Anyway, it seems like this T-ara saga has come full circle, with Hwayoung apologising and looking like she’ll rejoin the girls. Just why oh why did you choose to walk back into the Lion’s den, Hwayoung?

Johnelle: Let me clarify my previous statement. I agree that they should be getting some backlash for their actions because frankly they were acting like a bunch of spoiled brats. I also do not condone bullying their new member because whether or not they wanted her in their group it wasn’t their choice–she was in, so they should’ve helped her out. If they had good management or a good group leader they should have made the transition for Hwayoung into the group smoother, but alas this must not have been the case.

I do not believe however, that they should be getting calls to get kicked off their solo activities (like Eunjung being asked to leave We Got Married) or that their careers should be over because of this. It’s a bit much for their largest fan cafe to have closed down, etc., but again that was that person’s choice to do so. To have netizens search for every little bit of dirt that they can about T-ara: past pics of them with old boyfriends, supposed pics of them bullying Hwayoung, etc. is just another case of a cyber witch hunt. No one knows the truth of what happened other than those involved so who are we to make judgments that would ruin their careers over hearsay? Do they really deserve to have their careers over because of squabbles within the group? If that were true, shouldn’t every girl group and boy group in K-pop be disbanded then? There’s been tons of rumors of bullying within K-pop groups for YEARS — I’m not saying it’s right, but it happens. T-ara’s major fault was that they were foolish enough (or arrogant enough to think it wouldn’t hurt them) to let their internal conflict become public.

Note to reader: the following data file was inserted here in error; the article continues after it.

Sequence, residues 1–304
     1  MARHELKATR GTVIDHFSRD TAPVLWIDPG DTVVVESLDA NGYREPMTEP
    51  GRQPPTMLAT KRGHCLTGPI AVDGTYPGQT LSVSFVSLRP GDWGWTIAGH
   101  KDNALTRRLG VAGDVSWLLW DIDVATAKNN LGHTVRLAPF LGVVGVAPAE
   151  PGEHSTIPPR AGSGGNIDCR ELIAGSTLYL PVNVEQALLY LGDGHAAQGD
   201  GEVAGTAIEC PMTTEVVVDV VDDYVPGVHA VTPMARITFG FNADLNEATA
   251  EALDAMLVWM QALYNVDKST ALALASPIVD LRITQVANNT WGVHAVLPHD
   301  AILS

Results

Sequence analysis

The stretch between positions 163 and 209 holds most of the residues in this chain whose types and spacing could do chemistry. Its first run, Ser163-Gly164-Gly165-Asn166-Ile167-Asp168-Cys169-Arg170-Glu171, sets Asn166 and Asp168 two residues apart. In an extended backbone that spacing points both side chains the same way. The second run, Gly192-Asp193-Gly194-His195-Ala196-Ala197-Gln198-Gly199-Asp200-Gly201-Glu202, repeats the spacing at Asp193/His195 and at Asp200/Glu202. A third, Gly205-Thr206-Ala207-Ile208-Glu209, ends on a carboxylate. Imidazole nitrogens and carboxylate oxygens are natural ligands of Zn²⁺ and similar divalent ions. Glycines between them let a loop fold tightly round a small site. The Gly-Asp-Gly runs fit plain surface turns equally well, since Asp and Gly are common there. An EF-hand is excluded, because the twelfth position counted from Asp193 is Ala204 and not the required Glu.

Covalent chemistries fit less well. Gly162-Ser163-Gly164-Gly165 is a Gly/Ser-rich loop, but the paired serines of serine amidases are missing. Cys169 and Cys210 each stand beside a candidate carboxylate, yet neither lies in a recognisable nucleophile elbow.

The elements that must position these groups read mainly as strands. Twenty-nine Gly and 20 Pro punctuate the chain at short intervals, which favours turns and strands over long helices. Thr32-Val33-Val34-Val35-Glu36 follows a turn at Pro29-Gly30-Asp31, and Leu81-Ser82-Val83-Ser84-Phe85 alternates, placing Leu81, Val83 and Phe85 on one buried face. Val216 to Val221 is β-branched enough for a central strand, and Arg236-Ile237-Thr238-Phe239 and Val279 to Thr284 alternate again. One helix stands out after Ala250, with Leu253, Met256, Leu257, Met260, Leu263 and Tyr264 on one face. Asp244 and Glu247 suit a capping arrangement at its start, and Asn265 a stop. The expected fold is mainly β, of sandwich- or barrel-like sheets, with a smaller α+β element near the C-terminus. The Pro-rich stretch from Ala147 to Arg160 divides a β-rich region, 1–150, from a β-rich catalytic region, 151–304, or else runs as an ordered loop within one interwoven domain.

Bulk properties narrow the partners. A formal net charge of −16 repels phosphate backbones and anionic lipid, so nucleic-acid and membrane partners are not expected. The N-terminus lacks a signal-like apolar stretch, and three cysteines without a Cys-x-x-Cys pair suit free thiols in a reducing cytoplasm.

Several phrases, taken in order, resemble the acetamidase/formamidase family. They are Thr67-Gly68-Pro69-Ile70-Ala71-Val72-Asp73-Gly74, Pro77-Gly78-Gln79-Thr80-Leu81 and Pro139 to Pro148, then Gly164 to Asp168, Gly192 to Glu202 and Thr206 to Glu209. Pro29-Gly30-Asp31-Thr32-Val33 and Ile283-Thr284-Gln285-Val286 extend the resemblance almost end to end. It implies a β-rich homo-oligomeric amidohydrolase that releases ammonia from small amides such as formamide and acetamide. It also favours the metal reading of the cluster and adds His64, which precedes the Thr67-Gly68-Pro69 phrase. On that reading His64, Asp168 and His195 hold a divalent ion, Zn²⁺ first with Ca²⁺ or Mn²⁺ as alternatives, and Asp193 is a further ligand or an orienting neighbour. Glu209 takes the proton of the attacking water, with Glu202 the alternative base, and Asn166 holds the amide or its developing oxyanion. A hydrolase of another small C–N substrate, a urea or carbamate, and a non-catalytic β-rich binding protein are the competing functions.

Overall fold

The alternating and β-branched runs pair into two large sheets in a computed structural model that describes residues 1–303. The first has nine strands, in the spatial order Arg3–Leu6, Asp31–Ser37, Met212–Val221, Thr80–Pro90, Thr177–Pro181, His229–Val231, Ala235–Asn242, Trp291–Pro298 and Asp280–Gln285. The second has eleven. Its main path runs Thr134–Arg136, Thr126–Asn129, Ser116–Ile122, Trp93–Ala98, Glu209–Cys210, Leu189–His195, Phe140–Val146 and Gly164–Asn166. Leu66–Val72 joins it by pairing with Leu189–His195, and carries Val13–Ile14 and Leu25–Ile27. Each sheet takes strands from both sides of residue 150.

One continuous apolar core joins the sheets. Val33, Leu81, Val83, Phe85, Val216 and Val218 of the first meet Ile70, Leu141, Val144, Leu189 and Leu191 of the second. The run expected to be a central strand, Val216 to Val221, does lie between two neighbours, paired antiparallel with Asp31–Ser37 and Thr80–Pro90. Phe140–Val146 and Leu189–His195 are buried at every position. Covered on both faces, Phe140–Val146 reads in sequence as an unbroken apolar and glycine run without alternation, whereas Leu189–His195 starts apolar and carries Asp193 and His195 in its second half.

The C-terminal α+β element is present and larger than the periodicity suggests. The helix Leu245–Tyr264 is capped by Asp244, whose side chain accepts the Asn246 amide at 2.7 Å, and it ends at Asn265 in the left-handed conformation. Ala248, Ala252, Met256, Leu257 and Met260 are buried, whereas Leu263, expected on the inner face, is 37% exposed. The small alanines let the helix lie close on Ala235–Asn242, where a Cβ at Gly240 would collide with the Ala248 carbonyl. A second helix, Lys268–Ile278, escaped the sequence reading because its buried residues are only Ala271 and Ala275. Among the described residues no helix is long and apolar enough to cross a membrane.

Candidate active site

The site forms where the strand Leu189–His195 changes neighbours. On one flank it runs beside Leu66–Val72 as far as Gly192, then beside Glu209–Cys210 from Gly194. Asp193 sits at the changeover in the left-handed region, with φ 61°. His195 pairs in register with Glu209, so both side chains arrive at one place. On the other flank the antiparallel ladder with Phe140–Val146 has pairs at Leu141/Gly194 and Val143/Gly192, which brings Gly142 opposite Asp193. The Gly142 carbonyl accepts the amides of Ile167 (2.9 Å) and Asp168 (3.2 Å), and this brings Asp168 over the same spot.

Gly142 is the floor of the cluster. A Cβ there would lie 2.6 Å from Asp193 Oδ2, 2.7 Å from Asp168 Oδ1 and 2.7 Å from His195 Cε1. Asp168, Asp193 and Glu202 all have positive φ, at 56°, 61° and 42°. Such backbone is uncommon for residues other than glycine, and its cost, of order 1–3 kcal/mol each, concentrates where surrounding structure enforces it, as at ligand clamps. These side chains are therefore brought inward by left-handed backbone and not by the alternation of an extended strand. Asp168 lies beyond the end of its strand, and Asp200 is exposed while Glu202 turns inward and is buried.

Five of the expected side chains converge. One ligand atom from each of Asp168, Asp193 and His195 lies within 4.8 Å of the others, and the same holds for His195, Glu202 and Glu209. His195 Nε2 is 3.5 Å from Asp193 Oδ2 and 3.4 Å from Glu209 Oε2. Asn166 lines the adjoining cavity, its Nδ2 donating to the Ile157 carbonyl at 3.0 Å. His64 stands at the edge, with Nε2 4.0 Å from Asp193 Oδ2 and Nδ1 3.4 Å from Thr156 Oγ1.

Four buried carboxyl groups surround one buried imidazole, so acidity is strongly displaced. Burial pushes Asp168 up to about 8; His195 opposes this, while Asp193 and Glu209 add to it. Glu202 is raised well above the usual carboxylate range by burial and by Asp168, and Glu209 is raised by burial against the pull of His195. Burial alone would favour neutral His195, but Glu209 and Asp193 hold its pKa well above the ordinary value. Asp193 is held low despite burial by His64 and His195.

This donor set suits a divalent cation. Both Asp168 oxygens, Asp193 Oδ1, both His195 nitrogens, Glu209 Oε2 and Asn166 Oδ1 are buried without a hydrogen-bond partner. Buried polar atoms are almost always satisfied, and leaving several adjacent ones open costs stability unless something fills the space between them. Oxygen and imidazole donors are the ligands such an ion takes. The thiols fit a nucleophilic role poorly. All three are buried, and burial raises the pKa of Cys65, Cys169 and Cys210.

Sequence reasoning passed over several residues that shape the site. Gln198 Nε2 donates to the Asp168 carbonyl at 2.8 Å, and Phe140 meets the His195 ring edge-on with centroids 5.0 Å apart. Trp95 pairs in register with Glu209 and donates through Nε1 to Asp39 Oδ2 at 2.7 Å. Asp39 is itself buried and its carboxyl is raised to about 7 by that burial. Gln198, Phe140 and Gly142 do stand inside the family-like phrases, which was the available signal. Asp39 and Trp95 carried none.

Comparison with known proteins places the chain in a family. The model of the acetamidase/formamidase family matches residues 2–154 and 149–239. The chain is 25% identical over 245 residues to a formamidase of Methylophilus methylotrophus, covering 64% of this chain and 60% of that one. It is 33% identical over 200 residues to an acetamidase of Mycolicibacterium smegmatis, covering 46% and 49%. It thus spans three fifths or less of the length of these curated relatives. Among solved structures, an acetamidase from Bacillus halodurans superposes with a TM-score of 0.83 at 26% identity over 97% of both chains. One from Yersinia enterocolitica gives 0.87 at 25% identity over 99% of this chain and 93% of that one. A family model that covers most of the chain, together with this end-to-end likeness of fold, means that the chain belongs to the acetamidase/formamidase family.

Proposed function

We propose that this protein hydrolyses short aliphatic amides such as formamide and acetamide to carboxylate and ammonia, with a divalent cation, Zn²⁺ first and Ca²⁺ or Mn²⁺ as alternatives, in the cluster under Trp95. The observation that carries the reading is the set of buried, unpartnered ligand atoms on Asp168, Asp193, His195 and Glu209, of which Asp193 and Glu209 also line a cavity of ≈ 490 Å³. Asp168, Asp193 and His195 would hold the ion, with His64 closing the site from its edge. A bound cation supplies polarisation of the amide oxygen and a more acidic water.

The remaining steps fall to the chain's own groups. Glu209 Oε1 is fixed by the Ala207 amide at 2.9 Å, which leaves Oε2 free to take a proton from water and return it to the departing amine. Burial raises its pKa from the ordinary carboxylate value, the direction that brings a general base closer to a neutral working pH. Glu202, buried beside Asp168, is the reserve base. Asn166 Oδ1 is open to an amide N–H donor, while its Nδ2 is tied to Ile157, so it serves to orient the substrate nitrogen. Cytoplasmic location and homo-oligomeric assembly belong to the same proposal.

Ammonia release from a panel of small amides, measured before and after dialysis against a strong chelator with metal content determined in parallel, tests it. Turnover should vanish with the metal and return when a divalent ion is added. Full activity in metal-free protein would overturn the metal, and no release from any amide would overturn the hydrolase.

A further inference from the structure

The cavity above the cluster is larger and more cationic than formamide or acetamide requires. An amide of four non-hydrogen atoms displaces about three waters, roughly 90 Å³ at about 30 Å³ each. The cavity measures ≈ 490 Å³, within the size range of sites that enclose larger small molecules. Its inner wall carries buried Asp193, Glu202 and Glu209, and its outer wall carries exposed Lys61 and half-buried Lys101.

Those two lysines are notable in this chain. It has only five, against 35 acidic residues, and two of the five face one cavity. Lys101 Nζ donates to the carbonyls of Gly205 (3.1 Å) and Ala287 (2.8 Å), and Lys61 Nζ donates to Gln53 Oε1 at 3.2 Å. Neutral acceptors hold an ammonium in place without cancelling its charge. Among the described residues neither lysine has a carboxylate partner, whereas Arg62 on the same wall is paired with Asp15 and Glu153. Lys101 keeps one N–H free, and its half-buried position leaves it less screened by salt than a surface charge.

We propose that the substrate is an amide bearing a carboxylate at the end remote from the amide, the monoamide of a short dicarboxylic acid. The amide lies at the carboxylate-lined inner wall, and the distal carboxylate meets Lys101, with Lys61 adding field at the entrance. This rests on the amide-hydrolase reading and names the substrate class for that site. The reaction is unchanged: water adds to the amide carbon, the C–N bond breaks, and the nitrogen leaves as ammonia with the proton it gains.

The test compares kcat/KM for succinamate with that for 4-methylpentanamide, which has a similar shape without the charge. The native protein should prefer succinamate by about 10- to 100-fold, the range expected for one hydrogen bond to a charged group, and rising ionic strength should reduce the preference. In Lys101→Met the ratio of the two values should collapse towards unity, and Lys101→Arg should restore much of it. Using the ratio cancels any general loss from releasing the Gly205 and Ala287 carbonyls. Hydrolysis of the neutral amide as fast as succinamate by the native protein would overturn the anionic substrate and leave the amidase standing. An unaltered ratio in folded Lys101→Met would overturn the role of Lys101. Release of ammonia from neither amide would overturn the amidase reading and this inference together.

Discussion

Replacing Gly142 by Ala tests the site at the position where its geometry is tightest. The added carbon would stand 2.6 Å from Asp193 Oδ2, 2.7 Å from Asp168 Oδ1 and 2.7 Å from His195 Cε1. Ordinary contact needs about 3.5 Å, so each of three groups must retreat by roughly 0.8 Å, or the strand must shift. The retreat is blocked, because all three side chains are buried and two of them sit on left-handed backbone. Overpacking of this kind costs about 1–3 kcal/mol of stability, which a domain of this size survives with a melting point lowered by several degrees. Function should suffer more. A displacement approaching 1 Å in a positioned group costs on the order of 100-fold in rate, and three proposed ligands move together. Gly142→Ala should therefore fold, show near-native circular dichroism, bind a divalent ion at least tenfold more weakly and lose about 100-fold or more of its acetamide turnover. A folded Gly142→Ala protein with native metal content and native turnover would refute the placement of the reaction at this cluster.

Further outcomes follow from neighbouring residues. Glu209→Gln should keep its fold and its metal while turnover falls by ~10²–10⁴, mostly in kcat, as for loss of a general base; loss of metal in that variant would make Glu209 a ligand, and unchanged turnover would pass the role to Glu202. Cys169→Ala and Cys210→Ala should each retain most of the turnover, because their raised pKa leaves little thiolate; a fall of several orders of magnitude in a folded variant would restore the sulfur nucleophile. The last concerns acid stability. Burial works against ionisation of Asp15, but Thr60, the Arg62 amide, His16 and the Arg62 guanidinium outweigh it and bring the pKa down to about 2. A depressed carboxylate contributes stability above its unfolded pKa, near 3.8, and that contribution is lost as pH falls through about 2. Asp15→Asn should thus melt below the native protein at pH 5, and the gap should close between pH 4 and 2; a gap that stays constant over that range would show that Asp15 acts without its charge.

Jasper: I’m gonna have to agree with Johnelle in this. While I agree that having some backlash is necessary as bullying is such a serious matter that really should never be condoned, some of the things being thrown out there is just going too far. Losing endorsements, having activities halted, losing some fans, or having a project tank; those punishments I would have seen as justified and would have served as good enough warnings for T-ara to re-evaluate themselves and see the consequences of their bullying. But threatening physical or emotional violence or wishing for the end of their career as I see some doing is just going way, way too far. I don’t know it it’s just me, but I consider those acts as bullying towards T-ara. I acknowledge that the people doing these acts may just be a select few and that not everyone wishing for a punishment supports this mentality, but I just see all the collective-hate as counterproductive. They’re putting T-ara in the same hateful environment as they supposedly put Hwayoung, and at the end of the day, it’s not going to do much but spread more hate and ruin even more individuals’ careers.